4G mobile
Seems like a good idea but coverage is patchy and the service expensive. It’s not available where I live, where I work or anywhere I visit regularly so my failure to use it is not a reflection of my Tech Savvy.

Superfast broadband – internet
I’ve used ADSL since it became available in my area, and 56k dial-up before that. What the UK government (and Oftel) is pleased to describe as Superfast is much slower than that considered normal elsewhere, and even that won’t be available in my area for many years. Once again not my failure, yours.

Smartphone or tablet ‘Apps’
Yes, I have both. Smartphone for over three years, the Tab for more than two. Do I get extra points for rooting the phone within days of purchase, removing the phone companies bloatware and installing Cyanogenmod? No.

Smart glasses such as Google Glass
Yes I’ve heard of them, read about them, seen them online and on TV. Don’t know anyone with a pair.

3D printers
I haven’t used one since 2005 so my experience is a bit out of date, though I have read about new models. They are a bit useless without 3D CAD software though, and using that requires a lot of training and a lot of experience. Very few people in any age group have 3D design skills.

Please tell us how much each of these statements applies to you…

I tell my friends or family about new technology
Sometimes, if I think it’s relevant to their lives. None of my friends are interested in virtualisation though, or NoSQL databases.

I like working out how to use different gadgets
Yes, and sometimes I read the manual too.

I am one of the first to try out new technology
Very much depends on price and availability. I do try out new Linux distros, but have yet to use Windows 8. I didn’t buy a smartphone until the price dropped to under £100 on PAYG.

I like to find out about new technology
Yes, I read a lot of blogs, media reviews and so on.

My friends or family ask what I think about new gadgets
Sometimes. No good asking me what I think about sewing machines, but I do have opinions on cordless drills.

I know how to use lots of gadgets
Too vague. Lots? Do you mean only digital electronic gadgets?

I watch TV shows online (e.g. BBC iPlayer, 4OD)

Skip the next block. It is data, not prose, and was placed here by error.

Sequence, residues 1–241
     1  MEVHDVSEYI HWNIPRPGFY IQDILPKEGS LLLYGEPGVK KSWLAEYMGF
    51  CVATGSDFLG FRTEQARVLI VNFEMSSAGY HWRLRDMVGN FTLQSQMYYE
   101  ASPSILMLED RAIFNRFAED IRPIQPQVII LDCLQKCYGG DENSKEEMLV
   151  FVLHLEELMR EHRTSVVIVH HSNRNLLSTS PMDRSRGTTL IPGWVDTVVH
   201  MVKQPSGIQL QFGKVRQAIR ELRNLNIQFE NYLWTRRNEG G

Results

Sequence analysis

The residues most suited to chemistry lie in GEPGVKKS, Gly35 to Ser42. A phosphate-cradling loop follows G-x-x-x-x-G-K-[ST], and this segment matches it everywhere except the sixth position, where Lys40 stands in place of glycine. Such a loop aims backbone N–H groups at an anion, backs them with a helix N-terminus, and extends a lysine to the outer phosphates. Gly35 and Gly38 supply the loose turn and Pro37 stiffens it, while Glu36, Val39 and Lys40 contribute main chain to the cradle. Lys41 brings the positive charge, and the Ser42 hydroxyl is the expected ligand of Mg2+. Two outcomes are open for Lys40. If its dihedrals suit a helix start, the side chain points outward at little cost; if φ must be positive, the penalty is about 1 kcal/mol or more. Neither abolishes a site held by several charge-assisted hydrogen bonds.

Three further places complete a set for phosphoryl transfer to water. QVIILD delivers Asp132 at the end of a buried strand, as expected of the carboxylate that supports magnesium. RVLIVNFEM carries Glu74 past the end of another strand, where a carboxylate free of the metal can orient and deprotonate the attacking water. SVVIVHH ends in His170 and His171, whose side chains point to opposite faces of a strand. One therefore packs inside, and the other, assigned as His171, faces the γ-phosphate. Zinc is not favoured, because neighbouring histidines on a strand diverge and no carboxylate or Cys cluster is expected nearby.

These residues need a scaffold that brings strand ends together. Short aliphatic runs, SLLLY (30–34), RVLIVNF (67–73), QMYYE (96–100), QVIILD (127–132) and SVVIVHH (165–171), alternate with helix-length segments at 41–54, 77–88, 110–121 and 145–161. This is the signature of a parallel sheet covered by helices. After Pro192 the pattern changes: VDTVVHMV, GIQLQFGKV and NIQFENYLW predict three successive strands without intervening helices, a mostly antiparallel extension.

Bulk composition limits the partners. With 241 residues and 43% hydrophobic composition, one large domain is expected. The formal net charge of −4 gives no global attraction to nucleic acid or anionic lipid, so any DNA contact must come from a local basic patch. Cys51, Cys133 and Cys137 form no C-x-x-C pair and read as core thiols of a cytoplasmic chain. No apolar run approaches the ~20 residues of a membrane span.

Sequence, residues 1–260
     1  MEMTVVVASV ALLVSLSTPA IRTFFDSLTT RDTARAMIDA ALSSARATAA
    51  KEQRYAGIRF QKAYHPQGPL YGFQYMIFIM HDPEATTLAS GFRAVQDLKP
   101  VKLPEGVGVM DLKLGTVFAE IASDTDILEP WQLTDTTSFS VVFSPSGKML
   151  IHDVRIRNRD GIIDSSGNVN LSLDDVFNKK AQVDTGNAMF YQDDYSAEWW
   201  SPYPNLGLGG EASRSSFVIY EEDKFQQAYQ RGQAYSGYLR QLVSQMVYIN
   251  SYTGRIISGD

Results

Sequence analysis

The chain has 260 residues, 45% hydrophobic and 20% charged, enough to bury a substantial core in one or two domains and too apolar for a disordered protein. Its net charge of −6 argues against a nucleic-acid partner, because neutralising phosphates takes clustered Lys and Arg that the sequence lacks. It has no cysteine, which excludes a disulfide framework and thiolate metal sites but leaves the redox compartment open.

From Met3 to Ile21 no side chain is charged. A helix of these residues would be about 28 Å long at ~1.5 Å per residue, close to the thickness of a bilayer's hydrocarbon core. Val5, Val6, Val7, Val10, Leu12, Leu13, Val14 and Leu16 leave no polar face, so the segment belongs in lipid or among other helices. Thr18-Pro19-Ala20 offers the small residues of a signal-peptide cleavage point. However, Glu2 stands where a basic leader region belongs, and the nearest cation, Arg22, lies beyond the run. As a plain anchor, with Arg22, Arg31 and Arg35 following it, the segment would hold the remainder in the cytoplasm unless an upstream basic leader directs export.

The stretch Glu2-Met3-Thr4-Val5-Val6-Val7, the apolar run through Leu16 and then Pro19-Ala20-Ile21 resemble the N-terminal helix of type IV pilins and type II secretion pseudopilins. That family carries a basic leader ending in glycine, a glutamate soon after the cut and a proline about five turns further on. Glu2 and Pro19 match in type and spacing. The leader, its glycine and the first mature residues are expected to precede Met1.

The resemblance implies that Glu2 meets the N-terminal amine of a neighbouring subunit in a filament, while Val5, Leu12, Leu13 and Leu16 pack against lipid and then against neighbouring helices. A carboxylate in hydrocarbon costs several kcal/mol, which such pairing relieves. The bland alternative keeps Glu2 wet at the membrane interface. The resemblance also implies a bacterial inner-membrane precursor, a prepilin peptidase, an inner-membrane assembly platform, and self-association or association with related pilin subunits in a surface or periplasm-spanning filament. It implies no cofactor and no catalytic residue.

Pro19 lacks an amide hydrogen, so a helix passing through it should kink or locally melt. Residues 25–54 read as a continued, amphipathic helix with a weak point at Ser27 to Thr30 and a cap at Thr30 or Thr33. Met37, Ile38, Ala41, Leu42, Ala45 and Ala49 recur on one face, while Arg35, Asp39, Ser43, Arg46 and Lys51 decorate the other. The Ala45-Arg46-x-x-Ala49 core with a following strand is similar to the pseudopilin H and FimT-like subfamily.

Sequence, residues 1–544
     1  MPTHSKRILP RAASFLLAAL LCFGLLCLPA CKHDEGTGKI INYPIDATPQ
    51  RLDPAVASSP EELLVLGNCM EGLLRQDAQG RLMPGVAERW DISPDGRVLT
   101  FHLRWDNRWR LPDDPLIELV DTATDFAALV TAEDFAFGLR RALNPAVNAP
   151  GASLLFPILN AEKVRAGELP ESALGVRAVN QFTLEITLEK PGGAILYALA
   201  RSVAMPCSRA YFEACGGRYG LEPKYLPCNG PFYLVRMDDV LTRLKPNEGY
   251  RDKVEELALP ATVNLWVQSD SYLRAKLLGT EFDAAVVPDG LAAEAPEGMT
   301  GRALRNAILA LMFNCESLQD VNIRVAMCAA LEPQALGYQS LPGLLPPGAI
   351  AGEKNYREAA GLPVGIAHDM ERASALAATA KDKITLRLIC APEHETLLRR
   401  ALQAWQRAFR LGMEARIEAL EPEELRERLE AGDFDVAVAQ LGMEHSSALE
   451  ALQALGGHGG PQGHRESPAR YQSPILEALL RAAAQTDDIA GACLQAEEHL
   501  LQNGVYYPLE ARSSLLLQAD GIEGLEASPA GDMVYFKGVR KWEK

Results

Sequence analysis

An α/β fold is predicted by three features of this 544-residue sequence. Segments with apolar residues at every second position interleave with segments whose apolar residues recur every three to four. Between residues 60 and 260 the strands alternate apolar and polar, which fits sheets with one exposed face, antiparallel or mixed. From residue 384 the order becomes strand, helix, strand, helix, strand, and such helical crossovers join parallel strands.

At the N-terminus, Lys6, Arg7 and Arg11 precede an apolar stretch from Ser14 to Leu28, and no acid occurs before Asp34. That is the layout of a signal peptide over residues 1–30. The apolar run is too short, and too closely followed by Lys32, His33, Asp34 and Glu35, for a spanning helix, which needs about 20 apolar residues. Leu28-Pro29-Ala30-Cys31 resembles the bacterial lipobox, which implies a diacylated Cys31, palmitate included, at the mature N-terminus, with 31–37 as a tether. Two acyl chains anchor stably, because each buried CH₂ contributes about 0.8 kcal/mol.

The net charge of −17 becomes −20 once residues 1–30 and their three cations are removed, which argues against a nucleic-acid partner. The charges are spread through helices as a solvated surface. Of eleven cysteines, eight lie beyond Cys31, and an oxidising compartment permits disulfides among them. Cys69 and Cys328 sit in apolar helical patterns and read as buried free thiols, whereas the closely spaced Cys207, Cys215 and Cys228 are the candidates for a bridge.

Yes. And TED, YouTube, Arté

New technology confuses me
All new devices take some getting used to, but if the user interface is well designed they don’t confuse me.

I wouldn’t know what to do without technology
Again, vague. Digital technology, or all? Given a spade I reckon I’d be pretty good as a subsistence farmer but without the backing of a metallurgical industry I’d struggle.

I do lots of different things on the gadgets that I use
Yes, I make bread in the breadmaker and coffee in the cafétiere, not great the other way round though.

I upload photos and videos online (e.g. on Instagram, YouTube)
Never on Instagram, not for many years on YouTube. But I have had a personal website since 2004 and I share files via ownCloud.

I prefer to contact friends by text message than by phone call (e.g. by SMS, BBM, iMessage)
Depends on the contact and the message. SMS is useful for simple Q&A sessions, not good for complex discussions. BBM and iMessage are proprietary and only useful if you and your contact use the same system, which they often do not.

***

Once again, sloppy tech journalism supported by sloppy ‘research’ from Ipsos-Mori who really should know better. If you want a thorough piece of writing on a technical subject, contact me.

More Biofuels work

Two new commissions today for 24th Sept:

1. Sustainability – NTA 8080 certification system recognised by the European Commission, one of the few recognised schemes, along with the ISCC, that is not only applicable to biofuels, but also to solid and gaseous biomass. 2500 words.

2. Aviation fuels from biomass -a general look at the role biomass will play in creating renewable jet fuels. 2000 words.

Better start the background reading then…

 

I will Blog More. Probably. Maybe.

I’m updating my website, new theme, some new pages, some old ones deleted, some edited. Just noticed my last blog post was 10 months ago. I should do more. But they’re funny things blogs. Some are just vanity, some commercial ones are just banal, some are just designed to attract clicks and win a few pence in advertising revenue. I try not to be vain, or banal and I don’t have adverts on my website because it is there to advertise me, I don’t want potential customers being distracted.

Once you take out the vain, “I’ve just been approached by a major online agency to edit their new site”, the banal, “I’m hoping the window fitters will call soon about making good around the new windows” that doesn’t leave a lot to write about. But I will. Probably.